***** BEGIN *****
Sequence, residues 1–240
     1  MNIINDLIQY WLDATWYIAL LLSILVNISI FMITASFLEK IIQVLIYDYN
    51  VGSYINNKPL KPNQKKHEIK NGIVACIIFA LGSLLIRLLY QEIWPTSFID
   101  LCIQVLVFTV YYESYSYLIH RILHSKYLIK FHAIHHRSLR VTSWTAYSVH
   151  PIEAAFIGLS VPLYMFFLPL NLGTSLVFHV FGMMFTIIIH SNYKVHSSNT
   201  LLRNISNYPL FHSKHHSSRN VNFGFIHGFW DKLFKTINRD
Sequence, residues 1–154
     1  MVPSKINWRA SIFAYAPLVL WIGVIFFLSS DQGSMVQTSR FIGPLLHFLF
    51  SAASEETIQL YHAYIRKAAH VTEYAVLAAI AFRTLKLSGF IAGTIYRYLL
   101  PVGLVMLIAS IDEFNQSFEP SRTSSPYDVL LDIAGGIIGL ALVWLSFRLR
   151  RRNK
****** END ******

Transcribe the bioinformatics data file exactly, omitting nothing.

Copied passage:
Sequence, residues 1–240
     1  MNIINDLIQY WLDATWYIAL LLSILVNISI FMITASFLEK IIQVLIYDYN
    51  VGSYINNKPL KPNQKKHEIK NGIVACIIFA LGSLLIRLLY QEIWPTSFID
   101  LCIQVLVFTV YYESYSYLIH RILHSKYLIK FHAIHHRSLR VTSWTAYSVH
   151  PIEAAFIGLS VPLYMFFLPL NLGTSLVFHV FGMMFTIIIH SNYKVHSSNT
   201  LLRNISNYPL FHSKHHSSRN VNFGFIHGFW DKLFKTINRD
Sequence, residues 1–154
     1  MVPSKINWRA SIFAYAPLVL WIGVIFFLSS DQGSMVQTSR FIGPLLHFLF
    51  SAASEETIQL YHAYIRKAAH VTEYAVLAAI AFRTLKLSGF IAGTIYRYLL
   101  PVGLVMLIAS IDEFNQSFEP SRTSSPYDVL LDIAGGIIGL ALVWLSFRLR
   151  RRNK